Sunday, July 24, 2005

The Newspaper of Record Summarizes the Valerie Plame Affair

The New York Times today lives up to its standard as the newspaper of record by publishing a trio of pieces that sum up the Valerie Plame affair, including an assessment by Frank Rich of how last week's rushed Supreme Court nomination couldn't keep the story off the front pages:
When a conspiracy is unraveling, and it's every liar and his lawyer for themselves, the story takes on a momentum of its own. When the conspiracy is, at its heart, about the White House's twisting of the intelligence used to sell the American people a war - and its desperate efforts to cover up that flimflam once the W.M.D. cupboard proved bare and the war went south - the story will not end until the war really is in its "last throes."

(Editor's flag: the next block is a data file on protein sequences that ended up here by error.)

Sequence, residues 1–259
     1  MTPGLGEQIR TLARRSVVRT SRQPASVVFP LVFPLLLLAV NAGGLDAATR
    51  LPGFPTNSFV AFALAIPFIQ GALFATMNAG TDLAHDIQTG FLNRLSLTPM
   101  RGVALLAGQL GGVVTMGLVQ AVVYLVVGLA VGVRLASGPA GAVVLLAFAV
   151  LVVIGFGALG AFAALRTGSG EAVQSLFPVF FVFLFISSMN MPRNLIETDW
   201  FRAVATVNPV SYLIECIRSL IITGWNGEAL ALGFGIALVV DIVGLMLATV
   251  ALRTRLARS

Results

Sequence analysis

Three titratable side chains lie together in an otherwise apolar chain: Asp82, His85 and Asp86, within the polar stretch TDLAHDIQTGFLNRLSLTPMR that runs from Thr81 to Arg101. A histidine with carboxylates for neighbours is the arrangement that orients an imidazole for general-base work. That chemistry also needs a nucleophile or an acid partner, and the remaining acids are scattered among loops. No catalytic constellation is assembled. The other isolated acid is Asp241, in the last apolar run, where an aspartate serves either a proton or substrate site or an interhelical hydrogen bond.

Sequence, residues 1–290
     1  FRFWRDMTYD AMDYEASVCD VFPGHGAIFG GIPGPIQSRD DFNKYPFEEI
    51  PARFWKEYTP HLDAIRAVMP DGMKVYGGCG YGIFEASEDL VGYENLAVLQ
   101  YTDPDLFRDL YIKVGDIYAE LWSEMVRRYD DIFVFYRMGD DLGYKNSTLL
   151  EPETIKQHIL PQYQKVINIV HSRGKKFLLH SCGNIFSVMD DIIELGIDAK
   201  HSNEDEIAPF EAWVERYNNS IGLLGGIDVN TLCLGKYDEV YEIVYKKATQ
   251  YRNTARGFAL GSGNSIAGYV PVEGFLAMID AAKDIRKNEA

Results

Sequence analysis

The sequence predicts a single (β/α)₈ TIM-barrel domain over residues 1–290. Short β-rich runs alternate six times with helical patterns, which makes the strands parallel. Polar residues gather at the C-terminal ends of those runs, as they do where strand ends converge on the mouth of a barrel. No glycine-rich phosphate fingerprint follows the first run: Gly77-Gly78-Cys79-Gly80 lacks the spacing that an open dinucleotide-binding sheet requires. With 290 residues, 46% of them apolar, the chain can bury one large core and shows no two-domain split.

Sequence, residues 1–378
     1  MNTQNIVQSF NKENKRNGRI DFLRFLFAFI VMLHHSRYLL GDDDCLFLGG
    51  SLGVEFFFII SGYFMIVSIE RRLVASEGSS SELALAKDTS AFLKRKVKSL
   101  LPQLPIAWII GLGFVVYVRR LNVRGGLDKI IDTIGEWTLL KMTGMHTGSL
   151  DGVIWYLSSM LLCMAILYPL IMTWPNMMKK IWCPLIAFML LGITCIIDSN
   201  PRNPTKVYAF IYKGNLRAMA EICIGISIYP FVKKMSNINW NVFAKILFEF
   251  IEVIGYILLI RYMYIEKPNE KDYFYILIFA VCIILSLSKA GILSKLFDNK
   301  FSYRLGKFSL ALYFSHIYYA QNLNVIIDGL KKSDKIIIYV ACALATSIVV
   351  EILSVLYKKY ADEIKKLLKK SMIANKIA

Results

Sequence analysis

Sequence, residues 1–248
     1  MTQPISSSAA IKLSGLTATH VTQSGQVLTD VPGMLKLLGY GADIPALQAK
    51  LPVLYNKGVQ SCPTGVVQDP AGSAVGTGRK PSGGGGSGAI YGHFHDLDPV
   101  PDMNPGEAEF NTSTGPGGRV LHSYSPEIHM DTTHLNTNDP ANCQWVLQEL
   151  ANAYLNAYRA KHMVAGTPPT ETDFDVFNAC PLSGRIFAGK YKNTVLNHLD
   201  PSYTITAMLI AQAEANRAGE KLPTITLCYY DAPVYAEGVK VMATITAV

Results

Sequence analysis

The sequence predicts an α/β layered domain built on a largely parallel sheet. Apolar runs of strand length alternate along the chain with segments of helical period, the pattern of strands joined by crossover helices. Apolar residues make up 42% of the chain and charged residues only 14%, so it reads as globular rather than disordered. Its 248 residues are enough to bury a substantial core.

Rich believes that the initial delay in securing records in the affair may have cost Alberto Gonzales a seat on the Supreme Court:
A new Gonzales confirmation process now would have quickly devolved into a neo-Watergate hearing. Mr. Gonzales was in the thick of the Plame investigation, all told, for 16 months.
Rich concludes by returning to the central story of this tangled affair:
Mr. Wilson's charge had such force that just three days after its publication, Mr. Bush radically revised his language about W.M.D.'s. Saddam no longer had W.M.D.'s; he had a W.M.D. "program." Right after that George Tenet suddenly decided to release a Friday-evening statement saying that the 16 errant words about African uranium "should never have been included" in the January 2003 State of the Union address - even though those 16 words could and should have been retracted months earlier. By the next State of the Union, in January 2004, Mr. Bush would retreat completely, talking not about finding W.M.D.'s or even W.M.D. programs, but about "weapons of mass destruction-related program activities."

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